Cranberry Margarita

If you're in the mood for a light and refreshing cocktail, it's hard to beat a classic margarita. Even better, you don't need to wait until Taco Tuesday or Cinco de Mayo to enjoy it. Plus, because this drink has been around for so long, there are tons of variations to make it even more enticing. 

One of our favorites is a cranberry margarita mocktail that uses a non-alcoholic tequila alternative. Fortunately, Seir Hill has one of the tastiest spirits around, Durangold. If you want to sip on something bold and delicious, this recipe is one of the best options around. Get your cocktail shakers ready - let's get started!

A Brief History of the Margarita Cocktail

Because the margarita has been around for so long, the true origins of this cocktail are about as muddled as a tall Mojito on a hot day. However, some stories place the origins in Mexico, while others credit an entrepreneurial tequila salesman in the states. Here's the lowdown on some of the legends surrounding this particular beverage. 

  • Mexican Origins - The earliest known mention of a margarita cocktail dates back to 1930 and Bertha's Bar in Taxco, Mexico. However, the bar's owner, Dona Bertha, wasn't one for marketing gimmicks and grand displays, so her creation didn't really make a splash, at least not as much as others. 
  • A Gift Fit for a Lady - Another Mexican margarita legend says that the beverage was the brainchild of bartender David "Danny" Negrete. Negrete was the manager of the Hotel Garci Crespo in Tehuacan, Puebla in 1936. According to the story, his girlfriend liked salty drinks, so after some experimentation, Negrete created the margarita. But the story doesn't end there. Apparently, he took his recipe to the Agua Caliente racetrack in Tijuana, and the cocktail took off from there. The racetrack even claims to be the birthplace of the margarita to this day. 
  • A Crafty Liquor Distributor - This origin story may not be entirely factual, but it does include real people, real locations, and serves as the backbone of how the margarita came to the states. So, while the cocktail may not have been born this way, it certainly became popular because of it. In this version, an LA liquor distributor named Vernon Underwood was trying to find a way to use Jose Cuervo tequila, which was brand-new at the time (1937). So, he asked his bartender friend Johnny Durlesser at the Tail O' the Cock bar to make something. Durlesser created the margarita, and history was made. 

Regardless of who actually invented the margarita, the fact remains that this cocktail is a staple of bars and restaurants everywhere. It's a delicious beverage that can be enjoyed all year round, especially when you mix other fruits (like cranberries) to the mix. 

How Cranberry Margaritas Can Fit Into the Holiday Season

Typically, margaritas are seen as a spring and summer drink, thanks to the fruity flavors and delicate balance mixture of salt and sweet. However, during the holiday season, margarita variations can keep the spirit as popular as ever while fitting into the fall and winter aesthetic. 

This cranberry margarita mocktail recipe is the perfect way to celebrate with friends and family. You can have a glass at Thanksgiving dinner or serve them at your next office holiday party. It's a versatile drink that is sure to liven the mood without the risk of anyone having "one too many."

What You'll Need to Make a Cranberry Margarita Mocktail

As with a regular margarita, you'll need a margarita glass, a cocktail shaker, and a dish to make the rim. But, since this version is a bit fruitier, we recommend swapping sugar for salt. However, if you still prefer your cocktail salted, you can go the traditional route instead. The full list of tools include:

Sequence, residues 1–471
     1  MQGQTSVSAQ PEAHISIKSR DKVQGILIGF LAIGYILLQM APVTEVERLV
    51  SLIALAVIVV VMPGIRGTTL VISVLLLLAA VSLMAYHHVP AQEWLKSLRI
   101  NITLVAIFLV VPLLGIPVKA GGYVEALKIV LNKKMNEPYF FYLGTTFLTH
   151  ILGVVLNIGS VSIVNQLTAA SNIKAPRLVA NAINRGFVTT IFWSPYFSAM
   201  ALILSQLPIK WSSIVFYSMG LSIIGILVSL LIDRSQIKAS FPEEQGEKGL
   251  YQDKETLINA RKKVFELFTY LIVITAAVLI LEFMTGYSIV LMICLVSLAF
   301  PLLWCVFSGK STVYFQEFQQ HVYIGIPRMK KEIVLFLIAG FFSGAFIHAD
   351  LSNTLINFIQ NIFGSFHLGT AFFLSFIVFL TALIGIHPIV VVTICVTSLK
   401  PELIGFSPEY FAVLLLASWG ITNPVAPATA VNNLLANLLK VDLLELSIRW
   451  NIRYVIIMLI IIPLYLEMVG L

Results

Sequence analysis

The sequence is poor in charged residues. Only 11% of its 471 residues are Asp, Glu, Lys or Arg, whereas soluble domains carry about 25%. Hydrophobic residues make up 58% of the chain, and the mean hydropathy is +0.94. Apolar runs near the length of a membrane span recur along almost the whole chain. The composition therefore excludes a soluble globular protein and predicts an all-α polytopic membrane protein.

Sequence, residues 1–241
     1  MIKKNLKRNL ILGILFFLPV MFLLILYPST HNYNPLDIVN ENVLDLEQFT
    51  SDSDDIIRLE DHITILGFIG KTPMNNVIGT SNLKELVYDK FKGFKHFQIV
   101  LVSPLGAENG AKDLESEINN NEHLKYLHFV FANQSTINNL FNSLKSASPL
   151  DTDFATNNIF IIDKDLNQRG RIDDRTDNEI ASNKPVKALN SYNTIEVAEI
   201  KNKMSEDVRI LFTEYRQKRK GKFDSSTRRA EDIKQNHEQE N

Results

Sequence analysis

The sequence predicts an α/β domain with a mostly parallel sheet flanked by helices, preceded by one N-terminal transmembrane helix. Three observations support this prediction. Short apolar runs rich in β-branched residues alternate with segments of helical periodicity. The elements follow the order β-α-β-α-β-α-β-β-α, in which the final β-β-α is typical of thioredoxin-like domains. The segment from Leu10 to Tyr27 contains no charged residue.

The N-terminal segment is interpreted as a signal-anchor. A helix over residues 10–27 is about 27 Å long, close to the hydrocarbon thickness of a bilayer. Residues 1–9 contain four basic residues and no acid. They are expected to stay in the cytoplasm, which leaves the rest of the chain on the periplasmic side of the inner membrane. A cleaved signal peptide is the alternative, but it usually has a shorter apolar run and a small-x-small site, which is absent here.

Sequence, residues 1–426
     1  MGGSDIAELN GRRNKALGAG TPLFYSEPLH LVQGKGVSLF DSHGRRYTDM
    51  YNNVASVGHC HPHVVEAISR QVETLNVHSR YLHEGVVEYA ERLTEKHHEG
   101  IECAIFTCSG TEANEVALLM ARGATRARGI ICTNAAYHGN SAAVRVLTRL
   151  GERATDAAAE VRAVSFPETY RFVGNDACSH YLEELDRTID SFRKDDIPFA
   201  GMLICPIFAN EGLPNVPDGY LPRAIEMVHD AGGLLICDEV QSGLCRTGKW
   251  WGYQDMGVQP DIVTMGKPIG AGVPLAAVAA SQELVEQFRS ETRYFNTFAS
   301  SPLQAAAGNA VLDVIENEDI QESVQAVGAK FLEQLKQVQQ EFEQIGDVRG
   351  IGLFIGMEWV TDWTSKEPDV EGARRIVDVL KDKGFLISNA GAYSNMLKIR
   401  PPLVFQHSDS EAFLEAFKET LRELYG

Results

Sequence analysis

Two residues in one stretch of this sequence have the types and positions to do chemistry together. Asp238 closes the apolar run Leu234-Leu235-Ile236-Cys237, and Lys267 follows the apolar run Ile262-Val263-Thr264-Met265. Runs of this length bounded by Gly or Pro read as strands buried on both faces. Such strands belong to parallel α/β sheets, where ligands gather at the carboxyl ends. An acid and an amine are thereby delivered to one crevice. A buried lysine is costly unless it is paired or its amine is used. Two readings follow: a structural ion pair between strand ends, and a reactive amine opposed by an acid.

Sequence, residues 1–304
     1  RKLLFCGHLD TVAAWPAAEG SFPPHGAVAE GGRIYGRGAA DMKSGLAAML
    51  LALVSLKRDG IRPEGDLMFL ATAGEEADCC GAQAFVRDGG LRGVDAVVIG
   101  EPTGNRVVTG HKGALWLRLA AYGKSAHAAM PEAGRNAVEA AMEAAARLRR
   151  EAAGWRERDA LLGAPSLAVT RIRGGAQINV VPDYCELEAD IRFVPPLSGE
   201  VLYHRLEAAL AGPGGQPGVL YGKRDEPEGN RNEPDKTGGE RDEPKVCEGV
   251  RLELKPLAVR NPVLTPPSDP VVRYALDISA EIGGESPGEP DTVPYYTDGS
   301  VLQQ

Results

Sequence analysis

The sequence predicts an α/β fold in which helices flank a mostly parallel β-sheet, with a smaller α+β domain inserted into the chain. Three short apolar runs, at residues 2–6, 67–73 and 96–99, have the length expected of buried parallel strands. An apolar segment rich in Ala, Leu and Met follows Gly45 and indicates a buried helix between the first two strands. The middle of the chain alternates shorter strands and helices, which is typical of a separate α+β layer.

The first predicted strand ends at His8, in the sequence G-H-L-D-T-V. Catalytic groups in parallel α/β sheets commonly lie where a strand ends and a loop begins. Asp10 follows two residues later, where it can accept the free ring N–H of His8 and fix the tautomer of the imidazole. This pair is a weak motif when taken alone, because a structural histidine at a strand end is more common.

• Cocktail Shaker
  • Sugar Rim Dish
  • Knife (for cutting the lime)
  • Margarita or Tumbler Glass

Ingredients to Make a Cranberry Margarita Mocktail

How to Make a Cranberry Margarita Mocktail

First, you have to prep your margarita glass. You can also use a tumbler or martini glass if you don't have the right stemware. All you need to do is rub the inside of a lime peel around the edge and stick it into a dish full of sugar. The lime juice should keep it in place.

Next, pour all of the liquid ingredients into a cocktail shaker with some ice. Shake thoroughly until chilled, then strain into the margarita glass. We recommend adding a lime wedge as a garnish, but you can also use a cranberry instead. 

If you're making a big batch to serve to more guests, we recommend mixing enough for four glasses at a time. If you go higher than that, it's hard to keep the same flavor balance. 

Also, if you're looking to make a low-alcohol version of this mocktail, you can use regular Triple Sec or orange liqueur. 

Cranberry Margarita Mocktail Alternatives

What we love about this recipe is that it's customizable to suit your preferences. Some alternative options include: 

  • Make it Frozen - While frozen margaritas are often a summer thing, why not bust out the blender for a holiday party? In this case, you can use a little less cranberry juice and add frozen cranberries to the mix. Blend everything with enough ice to make it slushy, not runny. 
  • Add More Fruits - Since margaritas are already full of lime and orange flavoring, you can ramp up the taste by adding real oranges or limes to the mix. For a non-frozen drink, muddle the fruits at the bottom of the glass before straining the cocktail. If you're going the frozen route, simply add a few slices to the blender. 

If you're interested in seeing what else you can do with Seir Hill's Durangold tequila alternative, you can find more mocktail recipes here. We're also offering a combo pack of our top three non-alcoholic spirits so you can keep the party going without the hangover. 


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